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Friday, June 27, 2008

Benefits of social networking: Study

In what Science Daily calls a "first-of-its-kind study" of teen social-networking practices, researchers at the University of Minnesota looked low-income, 16-to-18-year-olds in 13 urban schools in the Midwest. It found that - contrary to reports of a high-income/low-income digital divide - 94% use the Internet, 82% go online at home, and 77% had social-network profiles. "When asked what they learn from using social networking sites, the students listed technology skills as the top lesson, followed by creativity, being open to new or diverse views and communication skills." They're editing and creating content, designing and laying out pages, creating "original work like poetry and film," and "practicing safe and responsible use of information and technology," the researchers said, adding that social network sites "offer tremendous educational potential." Though directed at educators, I thought this point from study author Christine Greenhow just as useful to parents: She "suggests that educators can help students realize even more benefits from their social network site use by working to deepen students' still emerging ideas about what it means to be a good digital citizen and leader online," Science Daily reports. Here's a video interview with Dr. Greenhow.

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Thursday, June 26, 2008

Social-networking manners

A Telegraph columnist understandably asks, basically: What's wrong with this picture - a stuffy old publisher "identified in the popular mind with ... the appropriate usage of pudding forks and cheese knives" writing rules for polite social networking? But somebody at Debrett's must have a profile in MySpace, Bebo, or Facebook. They're pretty good rules, actually - except maybe for the one that says you're supposed to always use a phone or card to wish a friend happy birthday, not a comment on his/her wall. However, Washington Post writer Kim Hart, blogged this question: "When it comes to maintaining relationships, do social networks let us 'cheat' a little too much?" She was writing about a just-released survey by the Consumer Internet Barometer finding that "common pet peeves among social-networking regulars include 'lack of manners'." Debrett's five "golden rules" are at the bottom of this other Telegraph report on the subject. It'd be very interesting to ask a teenage focus group what's missing. And the Telegraph columnist's right, of course, that "codes of behaviour emerge from the users [of social sites], and are constantly modified by them." It's just that some older users don't always want to wait that long.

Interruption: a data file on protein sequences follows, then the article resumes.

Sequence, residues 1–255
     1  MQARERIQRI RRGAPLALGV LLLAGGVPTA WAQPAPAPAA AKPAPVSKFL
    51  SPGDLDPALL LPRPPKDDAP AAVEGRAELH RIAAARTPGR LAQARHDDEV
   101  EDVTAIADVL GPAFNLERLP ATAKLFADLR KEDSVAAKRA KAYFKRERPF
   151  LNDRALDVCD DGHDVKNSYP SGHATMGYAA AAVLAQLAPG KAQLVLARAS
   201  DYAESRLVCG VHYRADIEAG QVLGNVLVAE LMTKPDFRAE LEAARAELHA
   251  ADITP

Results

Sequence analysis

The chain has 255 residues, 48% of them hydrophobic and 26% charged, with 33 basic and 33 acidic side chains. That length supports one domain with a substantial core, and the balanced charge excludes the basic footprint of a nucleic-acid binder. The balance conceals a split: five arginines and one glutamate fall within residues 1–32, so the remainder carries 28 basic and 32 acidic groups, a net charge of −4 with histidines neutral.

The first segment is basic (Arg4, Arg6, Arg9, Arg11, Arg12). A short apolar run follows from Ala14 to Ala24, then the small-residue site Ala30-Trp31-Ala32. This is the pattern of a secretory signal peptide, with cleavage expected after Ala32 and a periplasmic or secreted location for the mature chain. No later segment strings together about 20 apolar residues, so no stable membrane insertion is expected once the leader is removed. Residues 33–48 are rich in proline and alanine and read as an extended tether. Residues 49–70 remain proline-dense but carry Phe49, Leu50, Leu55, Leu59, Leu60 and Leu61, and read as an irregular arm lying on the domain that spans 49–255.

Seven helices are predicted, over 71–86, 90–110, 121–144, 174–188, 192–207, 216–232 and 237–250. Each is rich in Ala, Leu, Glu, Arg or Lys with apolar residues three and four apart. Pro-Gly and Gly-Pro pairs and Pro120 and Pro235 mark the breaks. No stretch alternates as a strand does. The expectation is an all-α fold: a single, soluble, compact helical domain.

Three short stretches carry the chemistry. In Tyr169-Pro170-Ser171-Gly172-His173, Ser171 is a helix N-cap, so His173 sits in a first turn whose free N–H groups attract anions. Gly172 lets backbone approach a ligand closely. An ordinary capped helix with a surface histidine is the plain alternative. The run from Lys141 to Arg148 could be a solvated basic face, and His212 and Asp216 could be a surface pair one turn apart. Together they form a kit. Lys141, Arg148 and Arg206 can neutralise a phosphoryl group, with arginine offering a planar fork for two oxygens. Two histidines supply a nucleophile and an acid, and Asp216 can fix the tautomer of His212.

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Wednesday, June 25, 2008

What makes good digital citizens?

The answer at points to the next phase, I think, of all our efforts in online safety: "Digital citizenship isn’t just about recognising and dealing with online hazards. It's about building safe spaces and communities, understanding how to manage personal information, and about being Internet savvy - using your online presence to grow and shape your world in a safe, creative way, and inspiring others to do the same." That helps me think about how to teach children accountability for their behavior online. If they begin to see online environments as communities they're helping to shape so that they have a stake in appearance, atmosphere, and outcomes of activity within them, they'll simply act more accountably. Maybe disinhibition and anonymity become less problematic when users are citizens as much as socializers., a report from UK-based Childnet International, looks at social networking with this potential in mind. The report examines the risks but also how the social Web is "being used to support personalised formal and informal learning by young people in schools and colleges." The site defines social networking and links to a pdf comparison chart of seven social network sites. An equally important section of the site addresses cyberbullying, with advice on how to "embed anti-bullying work in schools" and some powerful video teaching tools.